Ruto: This is my vision and mission for the African Union

Kenya’s President William Ruto wants the African Union to do better. And this week, he, for the fifth time, called for a “revolution” in the set-up of the continental body to make it work efficiently. Only that his speech also touched off a series of other revelations that exposed the rot of the African Union. Dr Ruto was speaking at the opening ceremony of the Annual Meetings of the African Development Bank, whose theme was ‘Africa’s Transformation’ and the reform of the global financial architecture.

Here, the Kenyan leader departed from the official speech, adding four focal areas he thinks the African Union must change. “We will be proposing that the AU Commission executive be given sufficient power to prosecute Africa’s economic diplomacy so that we can unlock the potential of our continent, so that we can showcase the assets that we have…. and create a better Africa for all of us,” he said. The AU, he argued, must be fit enough to expand trade by targeting the market of Africans first, secure the continent through own funded security tools, fill the infrastructure gap by adjusting its view from a liberation movement to a development organ and provide justice to its people through its own court.

“The African Union must take charge of our peace, security and stability of this continent. The AU must make us solve the problem of conflict and war in our continent. We cannot progress as a continent if there is war in Sudan, conflict in Somalia, problems in DRC. We need nothing short of a revolution to have a good organisation.” It wasn’t the first time he railed at the continental body. Only that this time it matters more because he is the new Champion of Institutional Reforms at the African Union, a role he inherited from President Paul Kagame of Rwanda.

Kagame had been there since 2016 when he established a committee of eminent persons to look into the rot of the bureaucracy at the African Union. It returned a series of recommendations, including that some of the AU’s functions overlapped and decisions took too long to be made. In fact, it suggested that the funding for the AU meant it relied on donors, making its independence problematic. When Kagame retired from the position in February, he admitted that some AU organs had developed such a sense of impunity that they could defy Heads of State.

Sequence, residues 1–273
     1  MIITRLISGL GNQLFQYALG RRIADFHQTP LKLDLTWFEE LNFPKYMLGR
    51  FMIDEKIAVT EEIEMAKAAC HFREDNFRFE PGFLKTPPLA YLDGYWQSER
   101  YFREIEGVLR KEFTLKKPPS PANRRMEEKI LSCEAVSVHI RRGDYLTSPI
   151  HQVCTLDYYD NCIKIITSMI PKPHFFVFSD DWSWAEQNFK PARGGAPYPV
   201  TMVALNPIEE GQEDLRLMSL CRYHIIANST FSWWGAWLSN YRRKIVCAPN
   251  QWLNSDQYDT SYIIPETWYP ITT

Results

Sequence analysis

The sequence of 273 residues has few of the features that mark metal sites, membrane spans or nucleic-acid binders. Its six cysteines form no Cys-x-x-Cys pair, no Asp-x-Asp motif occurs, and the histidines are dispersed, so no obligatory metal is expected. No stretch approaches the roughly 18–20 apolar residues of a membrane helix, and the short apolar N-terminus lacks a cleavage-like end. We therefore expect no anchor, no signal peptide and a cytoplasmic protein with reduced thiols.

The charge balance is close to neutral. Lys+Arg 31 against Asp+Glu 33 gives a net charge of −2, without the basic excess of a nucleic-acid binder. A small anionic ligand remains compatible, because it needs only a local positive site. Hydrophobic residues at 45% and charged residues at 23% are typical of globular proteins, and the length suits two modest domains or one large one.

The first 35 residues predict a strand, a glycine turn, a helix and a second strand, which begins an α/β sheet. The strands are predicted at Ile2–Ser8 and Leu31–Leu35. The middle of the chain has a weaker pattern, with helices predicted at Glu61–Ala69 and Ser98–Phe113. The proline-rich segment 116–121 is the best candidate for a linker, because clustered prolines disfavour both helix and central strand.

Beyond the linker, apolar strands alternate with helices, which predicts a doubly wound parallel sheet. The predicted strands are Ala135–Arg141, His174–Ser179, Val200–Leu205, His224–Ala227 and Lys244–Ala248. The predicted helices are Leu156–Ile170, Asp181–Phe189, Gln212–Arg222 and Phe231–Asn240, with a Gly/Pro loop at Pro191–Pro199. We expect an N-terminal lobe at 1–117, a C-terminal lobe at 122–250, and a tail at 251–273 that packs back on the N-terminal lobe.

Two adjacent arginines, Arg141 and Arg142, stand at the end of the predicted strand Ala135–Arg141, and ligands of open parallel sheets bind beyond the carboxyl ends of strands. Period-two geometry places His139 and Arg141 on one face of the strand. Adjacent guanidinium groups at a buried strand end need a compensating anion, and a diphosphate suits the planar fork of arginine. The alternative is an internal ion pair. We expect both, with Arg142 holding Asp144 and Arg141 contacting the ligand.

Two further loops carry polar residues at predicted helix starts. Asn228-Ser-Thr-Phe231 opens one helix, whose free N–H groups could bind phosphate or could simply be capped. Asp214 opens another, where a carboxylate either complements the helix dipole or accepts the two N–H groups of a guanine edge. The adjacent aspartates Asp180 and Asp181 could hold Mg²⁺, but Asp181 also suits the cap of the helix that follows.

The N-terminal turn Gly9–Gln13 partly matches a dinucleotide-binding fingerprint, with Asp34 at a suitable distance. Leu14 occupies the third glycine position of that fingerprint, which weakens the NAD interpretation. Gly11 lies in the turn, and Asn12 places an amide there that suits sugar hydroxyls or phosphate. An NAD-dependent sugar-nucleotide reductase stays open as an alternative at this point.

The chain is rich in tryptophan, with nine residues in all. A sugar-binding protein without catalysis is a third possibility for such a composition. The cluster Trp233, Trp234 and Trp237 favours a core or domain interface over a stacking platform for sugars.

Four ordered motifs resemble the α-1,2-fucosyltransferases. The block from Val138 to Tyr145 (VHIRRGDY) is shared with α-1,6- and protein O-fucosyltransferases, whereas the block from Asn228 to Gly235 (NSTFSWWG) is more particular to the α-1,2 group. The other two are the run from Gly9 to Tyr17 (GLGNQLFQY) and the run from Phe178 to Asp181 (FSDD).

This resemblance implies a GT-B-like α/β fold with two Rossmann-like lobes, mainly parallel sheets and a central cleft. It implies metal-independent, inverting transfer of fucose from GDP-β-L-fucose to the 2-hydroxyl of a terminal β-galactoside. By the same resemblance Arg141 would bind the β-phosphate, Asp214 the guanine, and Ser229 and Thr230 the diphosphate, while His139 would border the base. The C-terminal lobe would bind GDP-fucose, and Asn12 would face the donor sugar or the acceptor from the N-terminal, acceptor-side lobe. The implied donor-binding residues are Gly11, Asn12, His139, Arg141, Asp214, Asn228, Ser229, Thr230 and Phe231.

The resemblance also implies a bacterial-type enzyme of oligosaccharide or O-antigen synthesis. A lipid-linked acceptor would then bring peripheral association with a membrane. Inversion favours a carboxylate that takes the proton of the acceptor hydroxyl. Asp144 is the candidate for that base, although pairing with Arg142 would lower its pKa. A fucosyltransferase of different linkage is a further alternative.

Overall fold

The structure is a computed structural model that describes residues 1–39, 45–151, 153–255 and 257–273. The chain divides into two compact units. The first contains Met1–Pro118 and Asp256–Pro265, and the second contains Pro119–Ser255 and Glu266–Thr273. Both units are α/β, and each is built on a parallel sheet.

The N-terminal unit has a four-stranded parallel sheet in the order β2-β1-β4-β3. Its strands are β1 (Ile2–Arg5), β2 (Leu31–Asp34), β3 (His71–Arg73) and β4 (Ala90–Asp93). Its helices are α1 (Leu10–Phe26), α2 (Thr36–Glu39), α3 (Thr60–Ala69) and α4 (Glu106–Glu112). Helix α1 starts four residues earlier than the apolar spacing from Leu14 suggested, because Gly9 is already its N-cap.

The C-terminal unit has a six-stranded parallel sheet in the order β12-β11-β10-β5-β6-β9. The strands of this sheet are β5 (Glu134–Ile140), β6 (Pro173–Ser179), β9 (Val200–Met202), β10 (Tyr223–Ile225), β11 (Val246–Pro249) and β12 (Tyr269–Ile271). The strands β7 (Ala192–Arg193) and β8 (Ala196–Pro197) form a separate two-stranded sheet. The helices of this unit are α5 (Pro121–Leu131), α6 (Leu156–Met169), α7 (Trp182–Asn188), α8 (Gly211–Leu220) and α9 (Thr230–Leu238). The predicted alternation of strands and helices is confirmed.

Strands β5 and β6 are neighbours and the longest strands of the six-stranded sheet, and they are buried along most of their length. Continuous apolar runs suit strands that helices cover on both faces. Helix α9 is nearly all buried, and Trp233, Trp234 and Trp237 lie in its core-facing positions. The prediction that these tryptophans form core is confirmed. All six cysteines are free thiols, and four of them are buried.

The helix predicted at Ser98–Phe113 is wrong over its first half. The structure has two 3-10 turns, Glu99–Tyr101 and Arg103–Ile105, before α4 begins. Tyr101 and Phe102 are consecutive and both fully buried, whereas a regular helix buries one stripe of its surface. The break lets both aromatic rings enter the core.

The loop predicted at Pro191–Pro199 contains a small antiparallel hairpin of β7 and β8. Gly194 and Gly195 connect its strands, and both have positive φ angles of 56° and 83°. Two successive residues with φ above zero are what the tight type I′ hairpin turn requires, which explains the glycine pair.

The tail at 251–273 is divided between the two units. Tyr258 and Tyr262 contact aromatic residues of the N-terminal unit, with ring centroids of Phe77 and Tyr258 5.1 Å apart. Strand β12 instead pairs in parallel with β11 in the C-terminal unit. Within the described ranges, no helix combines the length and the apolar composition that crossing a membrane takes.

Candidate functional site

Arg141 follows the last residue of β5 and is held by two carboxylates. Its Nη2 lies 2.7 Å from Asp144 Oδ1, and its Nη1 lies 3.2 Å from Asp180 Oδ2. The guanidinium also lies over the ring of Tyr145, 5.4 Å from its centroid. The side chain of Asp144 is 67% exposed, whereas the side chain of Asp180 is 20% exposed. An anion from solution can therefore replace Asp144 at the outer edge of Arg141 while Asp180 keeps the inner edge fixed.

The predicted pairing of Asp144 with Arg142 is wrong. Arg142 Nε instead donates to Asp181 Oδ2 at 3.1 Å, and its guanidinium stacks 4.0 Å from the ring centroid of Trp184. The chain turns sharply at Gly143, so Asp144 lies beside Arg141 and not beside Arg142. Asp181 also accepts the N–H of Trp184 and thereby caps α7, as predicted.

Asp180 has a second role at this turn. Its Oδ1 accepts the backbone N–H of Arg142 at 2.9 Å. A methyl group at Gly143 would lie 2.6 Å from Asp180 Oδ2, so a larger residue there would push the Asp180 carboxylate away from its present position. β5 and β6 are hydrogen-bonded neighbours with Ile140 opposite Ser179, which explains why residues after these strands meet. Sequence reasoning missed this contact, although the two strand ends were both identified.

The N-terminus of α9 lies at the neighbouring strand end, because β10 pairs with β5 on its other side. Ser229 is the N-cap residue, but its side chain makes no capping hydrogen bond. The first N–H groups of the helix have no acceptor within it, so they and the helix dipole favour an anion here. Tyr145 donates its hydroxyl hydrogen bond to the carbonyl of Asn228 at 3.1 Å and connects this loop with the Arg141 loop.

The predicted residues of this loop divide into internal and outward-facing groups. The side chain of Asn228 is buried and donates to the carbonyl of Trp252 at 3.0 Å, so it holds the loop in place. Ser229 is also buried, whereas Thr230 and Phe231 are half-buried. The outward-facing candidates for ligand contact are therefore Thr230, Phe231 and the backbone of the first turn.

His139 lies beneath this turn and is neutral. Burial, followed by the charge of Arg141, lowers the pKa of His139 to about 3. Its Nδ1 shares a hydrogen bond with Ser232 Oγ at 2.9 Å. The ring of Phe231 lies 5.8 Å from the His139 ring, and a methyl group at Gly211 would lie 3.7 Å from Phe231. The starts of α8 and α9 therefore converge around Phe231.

“Decisions taken at the level of Heads of State continue to be revisited and revised, or even resisted, by some members of the Permanent Representatives Committee, which should really be unacceptable,” Kagame said in a final report in February. “We even see parallel structures created, whose main purpose seems to be to frustrate and delay the reforms which the Heads of State have suggested and put in place.”

For Ruto, however, nearly the entire AU needs a touch-up. He proposed to reduce the size of the Pan-African Parliament from 275 members to 100. He further proposed to adjust powers of the African Union Commission, enabling it to perform more functions. In Nairobi, he didn’t clarify. But he has elaborated on it before. Last year, he suggested that the positions of the African Union Chairperson and that of the AU Commission Chairperson be merged.

That could mean the rotational seat of the AU Chairperson may go, and the African Union may mimic the European Union, which usually has an enhanced Commission that can negotiate trade pacts that are binding on members, and has powers to address peace and security. In addition, the European Commission manages the foreign policy of the bloc, making it an effective representative of its members at key geopolitical issues. But there is the question of money, which Kagame had talked of many times as well.

“Today, the budget of the African Union is approved by people who are not people’s representatives. We want the people of Africa to take charge of this continent,” Dr Ruto said. In May last year, Ruto had told the Pan-African Parliament the AU must enable it to draw up legislative, representative and oversight mandates for Africa. It is currently a part-time bloc, short of money and cannot even approve AU’s budget.